Late summer and autumn sees the fresh figs ripening fast, in fact, faster than one can eat them all. So making jam is a great way to use up the glut of figs and to keep enjoying them when the season is over. It is also a lovely way to share your bounty with family and friends when figs are no longer available.
Joe has shared his lastest recipe for fig and cinnamon jam. The sweetness of the ripe figs marries well with the cinnamon and is balanced by the lemon and it makes a delicious jam that can be used with scones or ton toast or for baking in pastries.
Figs are naturally low in pectin so it is important to use lemon juice and the rind to help the fig jam to set.
Jam making is not hard but it is easier if all the fruit and equipment has been assembled and ready. Sugar syrup boiling at these temperatures is dangerous so take care when stirring and using heat proof gloves is essential to prevent burns. A large deep jam pot will also contain spatters.
The use of a candy thermometer takes the guesswork out but even if you don’t have one, timing and boiling hard at the end will get the desired results. Testing the jam on a saucer that has been in the freezer will give you the best indication of whether the setting point has been achieved.
The beauty of a homemade jam is the texture and spreadability of a jam that has plenty of fruit and doesn’t rely on gelling agent for setting.
If you have fig tree this is one way of making use of the bounty.
Thank you Joe for providing us with the step by step images as well as your recipe for us
Joe’s Fig and Cinnamon Jam
- Jam jars and lids
- stainless steel ladle
- Stainless steel tongs
- Large heavy based stainless steel pot or Maslin Jam Pan
- Tall pot for sterilising lids, ladle and tongs
- Wooden spatula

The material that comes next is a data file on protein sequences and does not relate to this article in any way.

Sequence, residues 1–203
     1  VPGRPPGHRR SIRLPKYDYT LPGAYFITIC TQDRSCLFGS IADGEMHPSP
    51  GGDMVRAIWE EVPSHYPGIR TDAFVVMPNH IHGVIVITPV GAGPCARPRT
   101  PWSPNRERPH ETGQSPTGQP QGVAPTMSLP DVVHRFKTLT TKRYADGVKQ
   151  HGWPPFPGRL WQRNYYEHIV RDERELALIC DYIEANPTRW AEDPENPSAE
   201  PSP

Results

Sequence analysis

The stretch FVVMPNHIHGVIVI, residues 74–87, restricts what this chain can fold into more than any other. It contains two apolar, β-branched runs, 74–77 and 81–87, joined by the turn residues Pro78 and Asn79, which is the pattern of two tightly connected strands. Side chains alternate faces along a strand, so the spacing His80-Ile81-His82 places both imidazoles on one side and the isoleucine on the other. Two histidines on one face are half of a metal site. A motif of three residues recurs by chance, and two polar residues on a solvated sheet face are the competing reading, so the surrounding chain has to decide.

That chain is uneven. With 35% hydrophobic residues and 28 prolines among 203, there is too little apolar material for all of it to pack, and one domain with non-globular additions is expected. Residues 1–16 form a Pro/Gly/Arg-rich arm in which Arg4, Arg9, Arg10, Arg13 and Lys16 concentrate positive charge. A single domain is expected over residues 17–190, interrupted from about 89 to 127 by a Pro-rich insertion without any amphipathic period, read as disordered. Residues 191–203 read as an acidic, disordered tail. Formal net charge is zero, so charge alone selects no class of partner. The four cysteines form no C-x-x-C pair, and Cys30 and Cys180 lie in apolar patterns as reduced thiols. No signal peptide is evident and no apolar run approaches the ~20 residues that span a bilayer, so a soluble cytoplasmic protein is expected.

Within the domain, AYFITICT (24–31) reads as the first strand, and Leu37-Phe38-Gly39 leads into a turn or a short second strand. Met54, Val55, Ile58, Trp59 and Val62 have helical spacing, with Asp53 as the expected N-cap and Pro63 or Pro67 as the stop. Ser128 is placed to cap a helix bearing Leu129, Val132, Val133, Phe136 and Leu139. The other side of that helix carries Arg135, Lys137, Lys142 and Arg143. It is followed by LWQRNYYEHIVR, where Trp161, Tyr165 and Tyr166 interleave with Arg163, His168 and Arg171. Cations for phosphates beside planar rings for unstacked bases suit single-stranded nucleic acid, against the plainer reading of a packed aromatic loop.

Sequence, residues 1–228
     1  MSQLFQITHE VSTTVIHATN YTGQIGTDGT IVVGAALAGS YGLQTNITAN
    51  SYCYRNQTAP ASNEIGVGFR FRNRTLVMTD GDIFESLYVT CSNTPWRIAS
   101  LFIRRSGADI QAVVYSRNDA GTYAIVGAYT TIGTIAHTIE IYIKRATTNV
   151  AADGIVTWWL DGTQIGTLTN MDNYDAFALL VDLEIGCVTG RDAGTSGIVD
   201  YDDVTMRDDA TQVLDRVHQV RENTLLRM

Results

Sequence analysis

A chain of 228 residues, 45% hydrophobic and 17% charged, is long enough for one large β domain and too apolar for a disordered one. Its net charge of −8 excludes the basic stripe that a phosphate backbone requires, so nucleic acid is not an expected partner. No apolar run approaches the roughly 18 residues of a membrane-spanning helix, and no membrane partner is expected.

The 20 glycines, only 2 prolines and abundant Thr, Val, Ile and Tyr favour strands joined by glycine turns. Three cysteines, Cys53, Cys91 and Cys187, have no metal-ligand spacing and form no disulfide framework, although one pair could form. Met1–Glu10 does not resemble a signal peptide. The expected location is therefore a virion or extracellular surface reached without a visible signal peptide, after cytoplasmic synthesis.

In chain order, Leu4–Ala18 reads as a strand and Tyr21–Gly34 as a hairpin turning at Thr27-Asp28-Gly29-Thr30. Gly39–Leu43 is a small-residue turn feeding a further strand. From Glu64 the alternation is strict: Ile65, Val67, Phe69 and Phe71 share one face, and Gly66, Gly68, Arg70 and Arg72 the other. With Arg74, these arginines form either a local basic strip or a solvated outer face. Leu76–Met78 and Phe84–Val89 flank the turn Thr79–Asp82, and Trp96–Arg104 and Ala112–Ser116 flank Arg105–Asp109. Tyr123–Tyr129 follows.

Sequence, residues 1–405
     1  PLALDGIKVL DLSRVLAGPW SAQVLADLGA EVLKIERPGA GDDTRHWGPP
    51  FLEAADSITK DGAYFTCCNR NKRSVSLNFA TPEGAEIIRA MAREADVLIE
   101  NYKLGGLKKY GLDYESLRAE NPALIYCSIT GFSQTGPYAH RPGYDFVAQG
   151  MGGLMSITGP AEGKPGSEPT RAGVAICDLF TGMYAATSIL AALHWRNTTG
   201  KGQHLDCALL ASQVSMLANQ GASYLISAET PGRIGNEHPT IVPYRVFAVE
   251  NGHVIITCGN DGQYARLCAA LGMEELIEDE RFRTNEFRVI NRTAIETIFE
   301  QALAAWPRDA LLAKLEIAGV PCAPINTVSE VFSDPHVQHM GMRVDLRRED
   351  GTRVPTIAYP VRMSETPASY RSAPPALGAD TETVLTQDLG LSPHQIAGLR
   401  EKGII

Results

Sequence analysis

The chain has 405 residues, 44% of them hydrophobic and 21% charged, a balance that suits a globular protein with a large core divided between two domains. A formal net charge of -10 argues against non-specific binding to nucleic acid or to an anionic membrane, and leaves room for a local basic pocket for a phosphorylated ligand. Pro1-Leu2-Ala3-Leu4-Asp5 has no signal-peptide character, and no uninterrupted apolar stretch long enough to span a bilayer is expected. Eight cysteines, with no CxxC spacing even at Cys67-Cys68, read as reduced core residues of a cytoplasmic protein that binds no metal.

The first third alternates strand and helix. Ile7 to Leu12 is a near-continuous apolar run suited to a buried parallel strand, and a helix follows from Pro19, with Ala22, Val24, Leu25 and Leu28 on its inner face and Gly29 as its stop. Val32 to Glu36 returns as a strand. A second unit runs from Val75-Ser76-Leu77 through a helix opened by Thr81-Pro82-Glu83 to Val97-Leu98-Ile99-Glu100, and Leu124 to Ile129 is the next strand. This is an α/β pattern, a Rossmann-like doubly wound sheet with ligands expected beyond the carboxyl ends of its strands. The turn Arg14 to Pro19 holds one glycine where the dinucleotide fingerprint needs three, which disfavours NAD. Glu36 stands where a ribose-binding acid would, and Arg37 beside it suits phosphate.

- Candy thermometer
- Heat protective gloves
- 1.5 Kg fresh figs
- 500 g of jam setting sugar
- 250g white sugar
- Juice of 1.5 lemons and the rind thinly sliced with pith removed and sliced into pieces
- 3/4 tsp ground cinnamon or 2 cinnamon quills
- Wash jam jars in hot soapy water, rinsing them well and put them on an oven tray.
- Put a saucer in the freezer to use to test if the jam has reached setting point
- Place the jar lids and stainless steel tongs into a small pan of water and bring to the boil. Then lower the heat and leave them to simmer on the lowest heat
- Wash and dry the figs with kitchen paper
- Cut the stems off and quarter the figs
- Place them in a stainless steel pan that has a heavy base
- Add the lemon juice, rind and cinnamon
- Cook on a low heat for 60 minutes stirring regularly with a flat wooden spatula to make sure that the mixture does not catch.
- When the figs have been cooking for 45 minutes put the sugar onto a baking tray and place into the oven, setting it at 120ºC for 10 to 15 minutes
- When the figs appear well cooked, mash them with a potato masher
- Remover the sugar from the oven and increase the oven temperature to 140ºC
- Place the clean jam jars on a baking tray and into a cold oven and set at 140º C. They should be completely dry by the time the jam is ready.
- While stirring, pour the warmed sugar into the cooked figs and stir well until it dissolves
- Turn up the heat and bring to a rolling boil
- Use heat protective gloves to protect your hands from spatter burns as the liquid is very hot
- Carefully clip a candy thermometer to the side of the pan with the end dipped into the boiling jam mixture and cook until it reaches 105º C, stirring it
- When this temperature has been reached, boil vigorously for a further 15 minutes, stirring the mixture constantly to prevent sticking or burning
- Then test the jam to see if it has reached the setting point by dropping a small amount of the jam onto the chilled saucer for a minute. Push the jam with your finger. If it wrinkles and doesn’t run, it has reached its setting point.
- You can now remove the lemon rind or leave it in as you choose
- Carefully ladle the jam into the hot, sterilised jars leaving a space between the lid and the jam and then seal.
- Handle the lids with sterilised tongs and never let your hands touch the inside of the lids. Seal tightly. Set aside to cool. You will hear the lids pop as a vacuume forms as the jars cool
- The jam will keep at room temperature for a year. When opened store the jam in the fridge
- Enjoy your jam on a slice of toast or a fresh baked scone with a good cup of coffee or your favourite tea
- This quantity of figs will make 4 x 500g jars of jam